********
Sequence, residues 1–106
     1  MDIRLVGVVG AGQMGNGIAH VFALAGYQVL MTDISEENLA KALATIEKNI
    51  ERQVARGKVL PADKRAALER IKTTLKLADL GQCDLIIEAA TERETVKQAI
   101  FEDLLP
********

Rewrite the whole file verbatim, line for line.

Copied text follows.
Sequence, residues 1–106
     1  MDIRLVGVVG AGQMGNGIAH VFALAGYQVL MTDISEENLA KALATIEKNI
    51  ERQVARGKVL PADKRAALER IKTTLKLADL GQCDLIIEAA TERETVKQAI
   101  FEDLLP